What’s been drilled into us since early childhood is the importance of extreme concentration. We just have to focus on any task at hand with unwavering mental strength and success is ours! However, when you look at geniuses of yesteryear, they were often dreamers. People like Albert Einstein used to often take walks, following in the footsteps (no pun intended) of Darwin (1). Einstein asserted this allowed him to let his thoughts wander.
John Cleese, in his short lecture on creativity, claimed that we operate in two modes – the open and closed. The open mode, he said, is more relaxed and exploratory. The closed mode is more tunnel-visioned and rigid.
The open mode is supposed to represent our creative peak – when we get most of our ideas. The closed mode is where we execute our ideas with little room for dillydallying. Cleese extols the importance of being in the open mode from time to time as we are usually focussed on getting things done and do not ideate.
Zat Rana, in his article for the Business Insider, developed a 2-hour rule wherein you took two hours out of every week (roughly between a quarter of an hour and 20 minutes every day) to let your mind wander freely (2). The objective was to think about all the important things that tend to slip your mind, such as where your career is going, what to do with your life, opportunities to take, and so forth. This might seem like significant parts of our lives that we should be thinking about anyway, but when you’re caught up doing the essentials of your day job, it’s usually hard to find the time.
Einstein first had the idea for special relativity while conducting what is called a thought experiment. He considered what would happen if he were to ride on a light wave at a certain speed. He concluded that the wave would appear frozen to him. This simple experiment, created while just pondering without a cause, led to the development of one of the most important ideas of modern physics! But the most famous thought experiment is arguably Schrödinger’s cat – another landmark in modern physics. Nevertheless, these German scientists of the early 20th century were not the first to conceive of the idea of a ‘thought experiment’ – it has been around from even before the time of the Socratics (3). It is only recently that the idea of just allowing your mind to be free has been proven to be beneficial by scientific studies.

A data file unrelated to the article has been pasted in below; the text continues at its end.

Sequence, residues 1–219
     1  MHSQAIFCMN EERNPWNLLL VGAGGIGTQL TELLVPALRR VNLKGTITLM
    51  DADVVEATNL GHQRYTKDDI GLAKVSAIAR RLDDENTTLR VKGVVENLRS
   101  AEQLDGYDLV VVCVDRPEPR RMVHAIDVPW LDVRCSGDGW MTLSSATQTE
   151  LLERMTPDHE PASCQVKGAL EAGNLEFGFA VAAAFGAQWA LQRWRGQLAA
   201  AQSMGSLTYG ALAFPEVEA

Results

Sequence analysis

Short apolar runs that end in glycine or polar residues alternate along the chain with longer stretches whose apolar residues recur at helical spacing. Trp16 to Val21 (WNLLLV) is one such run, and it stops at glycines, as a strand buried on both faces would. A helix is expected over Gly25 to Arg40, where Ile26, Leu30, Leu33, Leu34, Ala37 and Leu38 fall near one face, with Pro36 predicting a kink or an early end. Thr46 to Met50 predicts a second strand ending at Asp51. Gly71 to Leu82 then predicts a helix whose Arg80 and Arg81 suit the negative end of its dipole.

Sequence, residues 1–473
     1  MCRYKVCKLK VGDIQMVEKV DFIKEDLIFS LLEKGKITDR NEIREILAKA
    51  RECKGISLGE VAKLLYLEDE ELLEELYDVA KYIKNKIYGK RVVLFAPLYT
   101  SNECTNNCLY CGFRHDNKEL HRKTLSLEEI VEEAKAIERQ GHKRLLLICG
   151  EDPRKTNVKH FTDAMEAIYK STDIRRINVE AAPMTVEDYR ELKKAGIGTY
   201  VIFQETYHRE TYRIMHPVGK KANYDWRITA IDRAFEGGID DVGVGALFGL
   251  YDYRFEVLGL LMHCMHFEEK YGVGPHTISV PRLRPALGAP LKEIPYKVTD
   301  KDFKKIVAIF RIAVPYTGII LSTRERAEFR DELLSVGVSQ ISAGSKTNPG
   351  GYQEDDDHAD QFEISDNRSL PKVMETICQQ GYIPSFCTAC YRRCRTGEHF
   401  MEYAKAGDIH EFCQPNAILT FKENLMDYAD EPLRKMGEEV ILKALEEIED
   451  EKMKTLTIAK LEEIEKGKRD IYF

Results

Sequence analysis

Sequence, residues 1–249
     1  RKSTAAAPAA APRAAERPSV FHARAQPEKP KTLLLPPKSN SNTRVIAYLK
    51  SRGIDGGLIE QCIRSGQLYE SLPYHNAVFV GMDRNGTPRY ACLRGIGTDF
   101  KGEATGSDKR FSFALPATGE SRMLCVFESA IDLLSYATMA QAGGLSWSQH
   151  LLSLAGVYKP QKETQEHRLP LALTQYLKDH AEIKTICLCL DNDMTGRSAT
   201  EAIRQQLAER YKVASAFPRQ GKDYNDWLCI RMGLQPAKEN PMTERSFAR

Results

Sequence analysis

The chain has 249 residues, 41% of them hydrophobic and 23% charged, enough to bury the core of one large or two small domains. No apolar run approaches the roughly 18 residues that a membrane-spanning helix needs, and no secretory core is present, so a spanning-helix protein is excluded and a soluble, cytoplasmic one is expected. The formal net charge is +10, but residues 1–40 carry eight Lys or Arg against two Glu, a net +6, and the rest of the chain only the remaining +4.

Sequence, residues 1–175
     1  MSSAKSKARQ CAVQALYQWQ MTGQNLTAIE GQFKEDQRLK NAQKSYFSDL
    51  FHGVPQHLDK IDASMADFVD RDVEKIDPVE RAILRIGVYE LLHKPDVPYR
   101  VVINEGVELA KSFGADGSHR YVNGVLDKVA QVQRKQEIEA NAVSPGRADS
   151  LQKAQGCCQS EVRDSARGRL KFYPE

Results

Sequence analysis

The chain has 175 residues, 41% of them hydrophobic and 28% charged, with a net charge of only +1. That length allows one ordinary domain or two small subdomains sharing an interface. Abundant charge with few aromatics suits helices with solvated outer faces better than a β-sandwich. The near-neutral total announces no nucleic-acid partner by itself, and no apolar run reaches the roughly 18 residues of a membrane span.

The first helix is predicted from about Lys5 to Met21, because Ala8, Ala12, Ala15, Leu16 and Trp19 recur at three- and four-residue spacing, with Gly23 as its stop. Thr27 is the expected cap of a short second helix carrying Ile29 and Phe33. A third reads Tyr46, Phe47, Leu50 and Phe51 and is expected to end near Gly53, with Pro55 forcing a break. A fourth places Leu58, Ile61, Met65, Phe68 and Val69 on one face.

Further studies by Dr. Fiona Kerr, from the University of Adelaide, have supported the claim that letting your thoughts wander, or to daydream, is conducive towards to boosting productivity (4). Allowing your mind to roam freely from time to time could allow you to pay attention to work at hand, free of the noise that usually accompanies our thoughts. Associations between different subjects are common in this state, similar to when we sleep. It allows us to put together pieces of a puzzle that would otherwise failingly be approached in a linear fashion.
Additionally, the same study confirms that sleep is indeed an important factor when it comes to execution and thinking. An afternoon nap can often increase alertness and refresh the brain. This is why companies like Google provide nap pods at work and encourage you to rest if needed (5). Talk to your boss about getting some time for a little shut-eye.
Now that you’re all sold about the 2-hour rule (we hope), how should one go about it? Well, one really good suggestion for what you can do with your daily pondering time is to write down a list of ten ideas. James Altucher, a renowned TED speaker, calls this “flexing your idea machine.” He claims that your “idea muscle” is like any other, and it atrophies if you don’t flex it (6). Hence, write down a list of ten things every day – it doesn’t have to be things you have to implement. It could be a list of ten people you want to meet, ten career goals, ten places to visit, ten ideas to improve Facebook, or so on. After a year, you have a list of 3650 ideas in your arsenal that you can bust out at any time.
Even if you aren’t going to follow through with most of them, even if most of the ideas are sub-par, you’re constantly thinking about new things and expanding your mind, which is the whole point of daydreaming! You can also take walks, listen to instrumental music that doesn’t interfere with your thought process, or just sit around staring into space. The essential idea is to just think.
20 minutes of the day isn’t really a lot of time – you shouldn’t be concerned you’re losing out on other things. Start with this rule today and you’ll see an incremental betterment in your life as the days come!
Latest posts by Maruti Sridhar (see all)
- Why Your Body Needs A Hug Every Day - May 23, 2018
- 10 Things You Need To Know Before Weighing Yourself - May 14, 2018
- Psychologists Say That If You Apply This 2-Hour Rule, Your Life Will Change 180° - February 1, 2018
- 5 Things Your Tongue Is Trying To Tell You About Your Health - February 1, 2018
- Questions You Should Ask Your Girlfriend - January 30, 2018